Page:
Last year, we dedicated our second 1.2 million gallon water storage tank atop Victoria Hill.  With the near simultaneous, decommissioning of the 600,000 gallon St. Joseph’s tank, we gained 600,000 gallons in potable water for our community.  City engineer Jay Hollen is exploring the establishment of a comprehensive, raw water storage system, possibly through a series of tanks, or a reservoir that might double for recreation purposes.  If our river somehow came to be contaminated, this raw water storage system could add days or even weeks to our potable, water supply. We recently completed two million dollars worth of improvements to our water plant that we expect will serve us well for many more years to come.  Kelly Arnold & his guys, both at our water plant & our line crews have all worked hard to realize these critical infrastructure benefits.  

Our City continues to seek improvements by our outlying public service districts to reduce water loss.  We’ve observed that in some outlying areas, for every gallon of water delivered by Buckhannon, as much as a half gallon of precious, potable water seeps into the ground, wasted.  This is not a sustainable model, & our state & federal governments must establish funding to improve this essential infrastructure problem. Funding continues to be made available for extensions of already failing systems, yet government funding for repairing leaking systems created nearly a half century ago during the 1970s is virtually non-existent.  Collectively, we all need to issue a wakeup call to Charleston & D.C., insisting upon allocation of critical funding to fix our aging water systems. Please contact your representatives demanding better.

I would be remiss if I failed to observe the importance of our state-of-the-art sewer plant operations that make us better stewards of water for the folks downstream from us.  Opened in 1987 with then an expected life of 30-40 years, because of people like Sam Ludlow & Buck Samples, our sewer plant has an expected life of another 40 years in 2019. The people of Philippi & beyond appreciate our diligent practices in protecting our river & their drinking water.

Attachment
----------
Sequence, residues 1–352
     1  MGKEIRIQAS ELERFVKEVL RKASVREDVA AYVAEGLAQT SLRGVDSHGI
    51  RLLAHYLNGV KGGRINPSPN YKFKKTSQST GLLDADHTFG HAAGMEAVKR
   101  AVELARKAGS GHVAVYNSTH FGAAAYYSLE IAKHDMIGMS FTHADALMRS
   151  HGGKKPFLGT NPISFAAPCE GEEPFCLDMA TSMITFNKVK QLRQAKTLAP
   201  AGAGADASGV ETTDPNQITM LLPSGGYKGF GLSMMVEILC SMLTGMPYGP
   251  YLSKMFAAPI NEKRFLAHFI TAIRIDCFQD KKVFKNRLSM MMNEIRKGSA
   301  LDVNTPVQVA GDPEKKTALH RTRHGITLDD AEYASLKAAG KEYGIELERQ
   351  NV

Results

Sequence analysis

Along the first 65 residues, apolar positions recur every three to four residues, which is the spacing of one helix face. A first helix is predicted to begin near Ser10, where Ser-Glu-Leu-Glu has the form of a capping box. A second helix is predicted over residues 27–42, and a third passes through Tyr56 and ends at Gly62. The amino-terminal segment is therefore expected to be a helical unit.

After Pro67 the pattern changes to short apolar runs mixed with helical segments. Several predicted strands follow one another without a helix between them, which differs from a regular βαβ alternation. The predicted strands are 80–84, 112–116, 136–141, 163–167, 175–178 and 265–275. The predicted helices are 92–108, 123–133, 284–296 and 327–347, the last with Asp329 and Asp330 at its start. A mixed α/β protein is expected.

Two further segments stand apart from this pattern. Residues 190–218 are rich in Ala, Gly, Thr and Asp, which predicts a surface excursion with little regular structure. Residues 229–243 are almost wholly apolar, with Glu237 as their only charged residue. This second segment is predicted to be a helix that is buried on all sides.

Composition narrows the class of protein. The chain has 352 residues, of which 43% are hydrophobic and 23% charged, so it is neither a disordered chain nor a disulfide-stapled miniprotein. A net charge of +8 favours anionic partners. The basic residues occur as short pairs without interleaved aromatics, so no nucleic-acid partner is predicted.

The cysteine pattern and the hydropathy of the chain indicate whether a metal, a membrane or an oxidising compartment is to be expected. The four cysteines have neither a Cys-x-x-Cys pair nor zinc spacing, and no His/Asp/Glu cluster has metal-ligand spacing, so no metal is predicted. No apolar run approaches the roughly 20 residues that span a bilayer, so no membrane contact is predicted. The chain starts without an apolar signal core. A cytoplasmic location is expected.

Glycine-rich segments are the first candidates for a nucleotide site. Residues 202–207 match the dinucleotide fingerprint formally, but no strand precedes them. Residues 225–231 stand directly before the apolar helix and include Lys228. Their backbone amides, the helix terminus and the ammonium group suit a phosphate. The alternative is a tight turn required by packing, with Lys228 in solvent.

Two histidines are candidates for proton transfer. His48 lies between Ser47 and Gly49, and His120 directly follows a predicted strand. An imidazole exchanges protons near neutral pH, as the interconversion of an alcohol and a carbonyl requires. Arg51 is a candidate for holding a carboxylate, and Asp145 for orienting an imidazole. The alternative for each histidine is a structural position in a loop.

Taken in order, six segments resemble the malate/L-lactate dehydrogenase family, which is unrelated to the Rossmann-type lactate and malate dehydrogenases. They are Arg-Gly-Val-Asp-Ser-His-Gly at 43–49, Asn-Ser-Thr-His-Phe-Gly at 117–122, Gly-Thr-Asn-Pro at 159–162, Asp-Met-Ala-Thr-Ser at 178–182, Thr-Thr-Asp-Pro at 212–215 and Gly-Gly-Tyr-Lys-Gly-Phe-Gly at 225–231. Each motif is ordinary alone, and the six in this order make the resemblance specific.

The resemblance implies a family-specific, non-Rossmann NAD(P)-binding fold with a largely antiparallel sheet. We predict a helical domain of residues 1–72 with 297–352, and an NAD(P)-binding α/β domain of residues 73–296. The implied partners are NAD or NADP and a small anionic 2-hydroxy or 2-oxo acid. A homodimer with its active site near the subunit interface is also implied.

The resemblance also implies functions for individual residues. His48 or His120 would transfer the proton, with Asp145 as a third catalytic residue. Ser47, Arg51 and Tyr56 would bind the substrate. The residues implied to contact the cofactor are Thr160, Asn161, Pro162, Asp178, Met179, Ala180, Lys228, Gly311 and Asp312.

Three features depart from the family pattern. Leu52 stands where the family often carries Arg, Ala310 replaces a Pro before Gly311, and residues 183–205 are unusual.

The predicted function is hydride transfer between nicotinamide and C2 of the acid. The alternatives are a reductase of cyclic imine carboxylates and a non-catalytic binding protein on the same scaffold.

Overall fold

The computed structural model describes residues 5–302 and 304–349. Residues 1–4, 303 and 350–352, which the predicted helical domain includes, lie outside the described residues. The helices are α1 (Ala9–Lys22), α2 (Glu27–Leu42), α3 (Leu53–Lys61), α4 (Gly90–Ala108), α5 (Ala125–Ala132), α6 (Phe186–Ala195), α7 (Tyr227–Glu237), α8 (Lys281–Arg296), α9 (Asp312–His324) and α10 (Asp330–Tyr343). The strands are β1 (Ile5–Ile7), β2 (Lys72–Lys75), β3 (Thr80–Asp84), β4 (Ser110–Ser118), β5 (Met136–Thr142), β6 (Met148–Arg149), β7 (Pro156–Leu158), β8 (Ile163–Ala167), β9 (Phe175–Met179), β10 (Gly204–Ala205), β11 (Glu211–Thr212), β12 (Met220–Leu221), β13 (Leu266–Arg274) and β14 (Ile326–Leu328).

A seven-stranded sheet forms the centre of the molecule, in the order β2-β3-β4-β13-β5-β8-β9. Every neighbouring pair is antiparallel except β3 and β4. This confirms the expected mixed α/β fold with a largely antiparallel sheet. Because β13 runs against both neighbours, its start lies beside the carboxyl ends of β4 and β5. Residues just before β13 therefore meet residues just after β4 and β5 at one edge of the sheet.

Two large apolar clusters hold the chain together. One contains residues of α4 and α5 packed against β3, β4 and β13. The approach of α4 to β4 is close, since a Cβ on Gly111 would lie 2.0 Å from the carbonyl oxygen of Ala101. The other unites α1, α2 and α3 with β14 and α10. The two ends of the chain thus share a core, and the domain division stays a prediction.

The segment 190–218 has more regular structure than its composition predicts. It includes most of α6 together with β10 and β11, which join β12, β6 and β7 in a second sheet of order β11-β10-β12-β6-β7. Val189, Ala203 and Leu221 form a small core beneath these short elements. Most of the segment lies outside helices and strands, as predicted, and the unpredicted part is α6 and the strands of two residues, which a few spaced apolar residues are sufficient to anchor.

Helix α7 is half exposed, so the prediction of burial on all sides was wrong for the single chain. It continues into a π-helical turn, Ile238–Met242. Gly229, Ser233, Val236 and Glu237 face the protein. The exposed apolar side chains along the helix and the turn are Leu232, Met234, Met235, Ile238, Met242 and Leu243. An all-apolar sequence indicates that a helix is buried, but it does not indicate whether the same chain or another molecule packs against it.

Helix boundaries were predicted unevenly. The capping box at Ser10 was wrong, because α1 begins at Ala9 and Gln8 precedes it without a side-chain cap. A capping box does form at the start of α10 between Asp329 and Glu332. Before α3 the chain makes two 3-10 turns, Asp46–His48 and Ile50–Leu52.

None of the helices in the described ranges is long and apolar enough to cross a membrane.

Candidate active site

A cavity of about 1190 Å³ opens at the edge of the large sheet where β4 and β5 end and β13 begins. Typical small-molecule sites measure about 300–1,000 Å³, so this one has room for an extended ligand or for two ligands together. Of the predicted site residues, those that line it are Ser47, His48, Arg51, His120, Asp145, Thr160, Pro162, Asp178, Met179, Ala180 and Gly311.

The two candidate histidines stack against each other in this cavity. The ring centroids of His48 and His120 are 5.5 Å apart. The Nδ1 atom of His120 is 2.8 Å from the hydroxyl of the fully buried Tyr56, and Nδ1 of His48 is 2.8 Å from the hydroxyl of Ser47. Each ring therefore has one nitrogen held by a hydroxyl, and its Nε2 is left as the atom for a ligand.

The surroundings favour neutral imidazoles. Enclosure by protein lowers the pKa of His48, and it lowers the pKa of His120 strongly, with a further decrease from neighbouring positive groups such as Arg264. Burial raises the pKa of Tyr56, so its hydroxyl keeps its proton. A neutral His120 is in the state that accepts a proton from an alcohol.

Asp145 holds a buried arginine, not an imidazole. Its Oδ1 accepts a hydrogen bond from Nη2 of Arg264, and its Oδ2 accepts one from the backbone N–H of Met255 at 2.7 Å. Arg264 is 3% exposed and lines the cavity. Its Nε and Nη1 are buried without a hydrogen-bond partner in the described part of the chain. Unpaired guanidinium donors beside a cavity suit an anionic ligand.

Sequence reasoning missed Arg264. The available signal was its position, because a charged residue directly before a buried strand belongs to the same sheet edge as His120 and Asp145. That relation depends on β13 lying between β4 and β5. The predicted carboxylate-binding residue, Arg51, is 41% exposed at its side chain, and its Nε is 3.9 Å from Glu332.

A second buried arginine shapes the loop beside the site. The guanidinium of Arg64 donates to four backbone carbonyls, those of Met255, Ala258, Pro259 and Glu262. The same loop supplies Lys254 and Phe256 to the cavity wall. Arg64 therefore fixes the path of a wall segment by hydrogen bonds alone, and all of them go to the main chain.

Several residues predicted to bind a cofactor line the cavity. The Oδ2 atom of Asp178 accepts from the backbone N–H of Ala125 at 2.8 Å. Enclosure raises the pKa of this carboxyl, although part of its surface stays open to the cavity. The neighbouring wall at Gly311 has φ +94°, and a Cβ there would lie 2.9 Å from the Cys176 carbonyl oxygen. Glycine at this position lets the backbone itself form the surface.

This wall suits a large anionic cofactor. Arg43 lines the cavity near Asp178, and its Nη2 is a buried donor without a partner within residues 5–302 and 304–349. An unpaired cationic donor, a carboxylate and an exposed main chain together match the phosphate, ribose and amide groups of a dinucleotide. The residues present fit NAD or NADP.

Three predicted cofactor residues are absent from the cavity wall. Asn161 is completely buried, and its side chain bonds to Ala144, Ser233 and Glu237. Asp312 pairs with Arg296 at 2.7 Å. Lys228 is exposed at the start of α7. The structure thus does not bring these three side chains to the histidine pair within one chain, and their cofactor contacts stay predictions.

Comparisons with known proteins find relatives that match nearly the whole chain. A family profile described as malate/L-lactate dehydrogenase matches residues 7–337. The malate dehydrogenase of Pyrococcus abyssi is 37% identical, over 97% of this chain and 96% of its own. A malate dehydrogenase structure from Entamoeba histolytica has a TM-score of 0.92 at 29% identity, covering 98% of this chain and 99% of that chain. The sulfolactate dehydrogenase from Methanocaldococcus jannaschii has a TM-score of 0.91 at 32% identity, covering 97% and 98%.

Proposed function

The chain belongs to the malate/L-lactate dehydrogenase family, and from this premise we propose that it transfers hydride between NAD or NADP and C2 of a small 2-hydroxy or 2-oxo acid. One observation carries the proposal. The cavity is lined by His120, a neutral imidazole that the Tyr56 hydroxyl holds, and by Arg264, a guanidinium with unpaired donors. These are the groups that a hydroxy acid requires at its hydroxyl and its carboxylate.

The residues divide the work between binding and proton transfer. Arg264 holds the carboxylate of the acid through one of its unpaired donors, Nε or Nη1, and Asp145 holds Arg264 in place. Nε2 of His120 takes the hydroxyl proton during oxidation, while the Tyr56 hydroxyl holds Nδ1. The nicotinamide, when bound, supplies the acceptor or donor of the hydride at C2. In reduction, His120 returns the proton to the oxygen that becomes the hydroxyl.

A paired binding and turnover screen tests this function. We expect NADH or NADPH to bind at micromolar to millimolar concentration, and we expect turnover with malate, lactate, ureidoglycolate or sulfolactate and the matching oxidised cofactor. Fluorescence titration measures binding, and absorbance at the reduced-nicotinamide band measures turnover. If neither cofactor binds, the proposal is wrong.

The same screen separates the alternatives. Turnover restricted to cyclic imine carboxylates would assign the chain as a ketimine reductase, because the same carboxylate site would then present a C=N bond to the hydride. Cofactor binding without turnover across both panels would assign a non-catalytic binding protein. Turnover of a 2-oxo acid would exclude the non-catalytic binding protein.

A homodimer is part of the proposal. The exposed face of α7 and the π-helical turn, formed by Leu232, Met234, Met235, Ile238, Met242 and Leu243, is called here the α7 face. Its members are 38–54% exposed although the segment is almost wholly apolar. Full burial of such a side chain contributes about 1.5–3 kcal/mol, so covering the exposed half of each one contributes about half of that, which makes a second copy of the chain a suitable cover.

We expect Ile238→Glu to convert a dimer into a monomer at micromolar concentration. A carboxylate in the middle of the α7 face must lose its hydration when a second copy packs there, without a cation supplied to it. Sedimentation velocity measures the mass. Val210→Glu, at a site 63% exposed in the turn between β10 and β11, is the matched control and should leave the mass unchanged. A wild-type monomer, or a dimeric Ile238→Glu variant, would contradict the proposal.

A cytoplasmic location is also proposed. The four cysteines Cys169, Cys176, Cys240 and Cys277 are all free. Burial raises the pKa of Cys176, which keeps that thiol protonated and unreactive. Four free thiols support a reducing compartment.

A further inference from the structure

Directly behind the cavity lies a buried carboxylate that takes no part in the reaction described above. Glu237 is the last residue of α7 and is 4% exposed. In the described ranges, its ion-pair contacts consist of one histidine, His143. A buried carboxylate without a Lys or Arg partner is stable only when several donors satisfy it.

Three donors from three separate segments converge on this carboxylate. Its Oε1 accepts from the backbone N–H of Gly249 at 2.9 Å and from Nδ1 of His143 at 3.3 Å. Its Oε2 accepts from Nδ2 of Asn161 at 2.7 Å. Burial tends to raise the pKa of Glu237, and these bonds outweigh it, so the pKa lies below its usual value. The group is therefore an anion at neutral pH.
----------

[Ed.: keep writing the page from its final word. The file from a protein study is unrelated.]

Finally, & in case you were wondering how Buckhannon compares to other water providers throughout West Virginia, just this morning I checked the water utility rankings in our State as published by the WV Public Service Commission, & of the current 370 water providers in our state, Buckhannon ranks as the #38 most affordable water provider.  This means that 89.7% of the water users in WV pay more for their water than we do in our Buckhannon water system. Not only do we have an excellent water system, but we deliver our water very efficiently & affordably. We’re all indebted to the superior operations of our Water Department!

Thanks to everyone for attending today’s third River Fest.  Let us all remain vigilant in protecting our source water. Please enjoy the rest of your Labor Day weekend in our beautiful, fun-filled community of Buckhannon!